تنظیم بازآفرینی: هنر درمانی در موزه
|کد مقاله||سال انتشار||مقاله انگلیسی||ترجمه فارسی||تعداد کلمات|
|30528||2011||5 صفحه PDF||سفارش دهید||4008 کلمه|
Publisher : Elsevier - Science Direct (الزویر - ساینس دایرکت)
Journal : The Arts in Psychotherapy, Volume 38, Issue 2, April 2011, Pages 81–85
Museums, their settings and the objects they care for can be effective allies in art therapy treatment. With the use of two case examples that explore life stages, this article proposes four metaphorical roles that museums can play to facilitate treatment goals. These roles are: museum as co-leader, museum as group, museum as self, and museum as environment. Examples of their practical implementation in treatment are presented.
Museums are institutions that safely keep artifacts “for the study and understanding of mankind” (De Montebello, 2005, para. 4). They provide for an integrated artistic experience by encompassing various levels of artistic process such as exhibiting, viewing, and making art itself. Art therapists’ competence in all of these artistic levels is important for art therapy to expand into new domains where the potential of art within the mental health profession is not fully understood. This is especially the case in countries where the profession is still in its infancy, or in mental health and social service communities which view art only as a recreational undertaking. By including museums and other cultural establishments, the role of art in art therapy can be reinforced. The value of this approach includes easing resistance to therapy in communities where it is associated with shame around illness or where it is perceived as a luxury. Thompson (2009) describes art therapy as “a contemporary art practice that strives to restore the primacy of art and to achieve a balance between artistic practice and psychotherapy” (p. 159). The inclusion of artistic institutions honors the origins and evolution of our field. Museum environments and artifacts offer untapped therapeutic benefits for clients and communities. In The Therapeutic Potentials of a Museum Visit, Salom (2008) explored various museum elements useful for therapy. These include: artistic diversity (which mirrors the nature of individuality, fosters a tolerance for differences, and provides imagery for interventions), architectural boundaries (where scale, lighting, temperature, circulation, display, etc. (para. 4) can be used metaphorically), and the collective nature of images (which make Yalom (1995) group therapy principals of “universality,” “installation of hope,” and “imparting information” readily available ( Salom, 2008, para. 9)). As presented below, these as well as other elements - such as the interpersonal relations that museums offer and the change in personal routine - provide museums with numerous resources to carry out important roles in treatment.
نتیجه گیری انگلیسی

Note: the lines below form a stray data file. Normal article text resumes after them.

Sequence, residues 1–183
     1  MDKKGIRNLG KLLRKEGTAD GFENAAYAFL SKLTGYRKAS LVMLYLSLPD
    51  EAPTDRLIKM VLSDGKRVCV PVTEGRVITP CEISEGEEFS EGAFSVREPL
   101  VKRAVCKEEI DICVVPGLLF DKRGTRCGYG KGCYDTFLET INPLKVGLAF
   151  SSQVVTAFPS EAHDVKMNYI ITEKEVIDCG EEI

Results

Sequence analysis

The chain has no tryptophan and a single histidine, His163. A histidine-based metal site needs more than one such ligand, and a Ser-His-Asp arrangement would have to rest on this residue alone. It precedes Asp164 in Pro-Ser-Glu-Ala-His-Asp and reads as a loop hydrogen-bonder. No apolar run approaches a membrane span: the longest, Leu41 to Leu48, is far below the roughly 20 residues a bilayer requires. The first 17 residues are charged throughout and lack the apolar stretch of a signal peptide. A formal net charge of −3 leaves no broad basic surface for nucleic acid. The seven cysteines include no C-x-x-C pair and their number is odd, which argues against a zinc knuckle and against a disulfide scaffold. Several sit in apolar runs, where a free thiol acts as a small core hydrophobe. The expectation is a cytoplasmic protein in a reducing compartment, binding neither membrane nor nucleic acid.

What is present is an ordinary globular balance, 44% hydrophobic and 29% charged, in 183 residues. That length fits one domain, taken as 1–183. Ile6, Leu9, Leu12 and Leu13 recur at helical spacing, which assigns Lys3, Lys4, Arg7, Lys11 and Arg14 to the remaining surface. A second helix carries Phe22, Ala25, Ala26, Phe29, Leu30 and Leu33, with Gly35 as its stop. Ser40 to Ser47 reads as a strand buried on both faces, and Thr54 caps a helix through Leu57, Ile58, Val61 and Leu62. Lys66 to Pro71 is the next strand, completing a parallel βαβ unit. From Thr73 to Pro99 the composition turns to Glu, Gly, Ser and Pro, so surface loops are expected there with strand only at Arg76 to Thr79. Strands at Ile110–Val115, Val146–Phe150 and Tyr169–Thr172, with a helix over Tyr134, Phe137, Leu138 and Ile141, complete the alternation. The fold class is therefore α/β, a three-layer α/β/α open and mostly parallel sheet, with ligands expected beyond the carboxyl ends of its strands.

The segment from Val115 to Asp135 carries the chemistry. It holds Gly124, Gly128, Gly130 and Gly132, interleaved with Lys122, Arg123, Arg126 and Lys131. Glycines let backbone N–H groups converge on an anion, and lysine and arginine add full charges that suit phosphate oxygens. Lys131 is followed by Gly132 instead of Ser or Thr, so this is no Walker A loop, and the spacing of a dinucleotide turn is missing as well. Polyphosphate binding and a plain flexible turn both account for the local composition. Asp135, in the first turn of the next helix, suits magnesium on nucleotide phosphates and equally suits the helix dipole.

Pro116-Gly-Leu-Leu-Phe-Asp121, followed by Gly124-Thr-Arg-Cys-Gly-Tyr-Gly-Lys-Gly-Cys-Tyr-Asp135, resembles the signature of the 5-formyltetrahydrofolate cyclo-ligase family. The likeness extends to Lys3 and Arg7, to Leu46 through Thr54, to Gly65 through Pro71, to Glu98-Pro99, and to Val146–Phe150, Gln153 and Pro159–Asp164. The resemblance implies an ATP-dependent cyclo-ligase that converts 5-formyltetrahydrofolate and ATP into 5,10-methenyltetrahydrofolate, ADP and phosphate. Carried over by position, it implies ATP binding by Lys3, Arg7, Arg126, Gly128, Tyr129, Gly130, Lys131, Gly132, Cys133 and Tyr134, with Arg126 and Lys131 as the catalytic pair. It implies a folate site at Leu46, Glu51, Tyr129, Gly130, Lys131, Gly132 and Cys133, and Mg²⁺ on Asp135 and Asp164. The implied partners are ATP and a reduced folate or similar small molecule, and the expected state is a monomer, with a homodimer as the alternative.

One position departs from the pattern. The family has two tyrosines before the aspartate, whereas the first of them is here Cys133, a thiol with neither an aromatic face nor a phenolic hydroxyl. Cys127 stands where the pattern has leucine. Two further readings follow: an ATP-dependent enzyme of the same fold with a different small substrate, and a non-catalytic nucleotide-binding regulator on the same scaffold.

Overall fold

The setting carries an important role in goal attainment in art therapy. Bitgood (2002) describes museums as “informal learning institutions” that provide brief exposure to a wide range of competing stimuli, in which visitors choose where to place their attention, make important social contacts, and delight in learning. Many elements of treatment remain unchanged within museums. Nevertheless, every museum holds a particular character composed of persons, space, permanent collections, and varying exhibits, which can serve important roles in art therapy. Thinking of each museum as a co-leader or group with a singular personality or as a representation of self or environment can help define its purpose in these roles. Alliances between art therapy and museums are still at their dawn. Museum educators and directors have paved the way for personal expression and transformation through interpretive art exhibitions (Treadon, Rosal, & Wylder, 2006). Museums are interested in incrementing their outreach, in some cases by incorporating clinical and educational knowledge (Linesch, 2004). Environmental psychology can additionally contribute to insights about place identity, the influence of settings on behavior, and place attachment, among other factors that can serve art therapists in creating spatial metaphors. Reinventing the setting requires a constant review of art therapy principles, as the art therapist is the exclusive advocate for establishing the identity of the profession within conventional and non-conventional settings. Simultaneously, by cooperating with art institutions, the identity of the profession can be strengthened. Further experience and study is needed to discover the scope of what these settings can offer the profession and how they can “provide alternative opportunities to serve our clients” (Treadon et al., 2006, p. 301). Ulman (1998) describes the differences between an art class and an art therapy session as invisible to an untrained eye, but felt and known by therapists and patients. This awareness will be pertinent in the process of bringing museum experiences beyond the realm of educational visits and into the domain of art therapy.